Lisa Oh yes Carol, the whole concept of this novel was fresh and different. I found myself thinking about life and death; the living and the no-longer-living; examining my own thoughts and beliefs with the ideas in the book and settling on what I think may be plausible and I concluded that it is the mark of a great writer to leave readers thinking, grappling, giving and taking then settling on their own ideas. (Maybe I think too much but I have always been fascinated with life after death.)
This novel also touched on many issues - religion, learning challenges, physical challenges, marriage, divorce, true love, death, science, animal care. Maybe the sequel will have a tiny bit of comedy so Luke can make some quip about the earth opening and scare Phillip half to death. Or maybe he could let the earth open and close again quickly then Luke and Tania could pretend that only Phillip saw that.
But how sad is this line: "I am alone in this bunker with a corpse - and it is my own."


message 7: by Lisa (last edited Jul 14, 2016 11:01AM) (new) - rated it 5 stars

Lisa Actually Mary the content of the site was described and as Diane said, it probably would not have generated such a response from readers if it hadn't been described. The truth is it wouldn't have, not even from me. I would have thought she was overreacting as well... I mean she even fainted. So I get what you're saying in terms of writing but as a reader as you said I'm free to not enjoy certain parts. It's very personal to me I know but I have always had an aversion to expletives so I always say it.
I'm in two roles here and I was writing as a reader but as a writer I understand making the characters real and not perfect. I accepted them all and disliked Phillip more for his insensitivity than his weakness. Maybe I shouldn't have used the word graphic but I totally loved the vivid descriptions throughout the book. That was a positive point I was making there.


Mary Thornburg Lisa ~ Sorry, I intended to respond more quickly, but wanted to go look at the book again first, and couldn't find my Kindle! Took me almost 36 hours to locate it, right where I'd looked ten times at least. Old age will do that to you... :-D (Why am I laughing?)

I stand corrected -- there IS a brief description of one of the sites' content. I hadn't remembered that, I think because it was so cleanly and clinically done that it didn't shock or even take me aback, as I think it would have had it been written by a lesser writer. It's almost coldly medical. And "graphic" isn't the wrong word, but it suggested, to me, something that's frequently almost pornographic, especially when it's used about anything related to sex or violence. I tend to dislike "graphic sex" in romance novels, not because I have anything against sex, but because too often I've read scenes that the writer apparently intended to be sexy, arousing, and to me are anything but that; I don't find them shocking or disgusting, but rather embarrassing. Maybe that's just me -- I'm embarrassed for the writer who's made a kind of clumsy, amateur attempt to turn me on and instead has turned me off!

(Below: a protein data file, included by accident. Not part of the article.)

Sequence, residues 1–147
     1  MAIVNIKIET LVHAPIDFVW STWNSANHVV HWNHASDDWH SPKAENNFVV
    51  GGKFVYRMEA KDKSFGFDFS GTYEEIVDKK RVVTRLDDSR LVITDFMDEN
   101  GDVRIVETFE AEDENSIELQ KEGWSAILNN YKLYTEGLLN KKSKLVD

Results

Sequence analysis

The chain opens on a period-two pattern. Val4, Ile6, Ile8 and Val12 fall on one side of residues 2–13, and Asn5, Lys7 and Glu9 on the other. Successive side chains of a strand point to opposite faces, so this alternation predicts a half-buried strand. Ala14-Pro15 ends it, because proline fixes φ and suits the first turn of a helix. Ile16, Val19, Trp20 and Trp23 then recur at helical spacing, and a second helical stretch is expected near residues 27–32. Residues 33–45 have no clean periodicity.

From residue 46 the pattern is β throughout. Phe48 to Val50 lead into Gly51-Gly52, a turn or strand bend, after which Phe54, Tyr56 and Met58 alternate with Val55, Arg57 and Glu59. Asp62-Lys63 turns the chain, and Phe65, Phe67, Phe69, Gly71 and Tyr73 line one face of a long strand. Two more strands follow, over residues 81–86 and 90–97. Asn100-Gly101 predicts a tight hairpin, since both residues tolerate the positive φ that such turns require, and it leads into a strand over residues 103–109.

And the reason I objected to your comment was that it seemed to me likely to give the wrong impression to people who haven't read the book and would, on the basis of your comment, decide not to. Sorry!

Diane, I'm very glad you decided what you did. One of the great strengths of the book is that it's faithful to reality, so much so that the reader is persuaded by the reality of everything else to accept the reality of the ghost. And as a writer, I believe that to change anything you honestly believe in solely to "broaden your audience" is selling out, a mistake. You can't please everyone!


Mary Thornburg Diane ~ Wanted to add this, which someone just posted on one of my Facebook groups; she says it so well: "I'm just starting to get feedback from my beta readers. It's so interesting to see the wide variety of comments. Some are polar opposites, which is a good reminder for all authors that no book will ever please every reader and if you try or think you write for "everyone," you're fooling yourself. Better to find your audience and be true to your writing."


message 10: by Diane (new)

Diane I am reading (or trying to read) a book that has hundreds of five star reviews and only one or maybe two three stars. Nothing lower. Everybody is raving. They love it! I am struggling. I may not finish. I despise the male lead. He "got clean" in rehab but is still a horrible person. He's disgusting, the way he thinks and talks. Ick. But man--other women are just eating it up. Profanity in this book is almost every sentence. Not just in dialogue, but in narrative. There is no beautiful prose, no lovely turns of phrase. Just "eff" this and "effing" that, and #$*($^ my #(*$^ every other paragraph. Other people actually like this stuff???? Not me. Even I have my limits.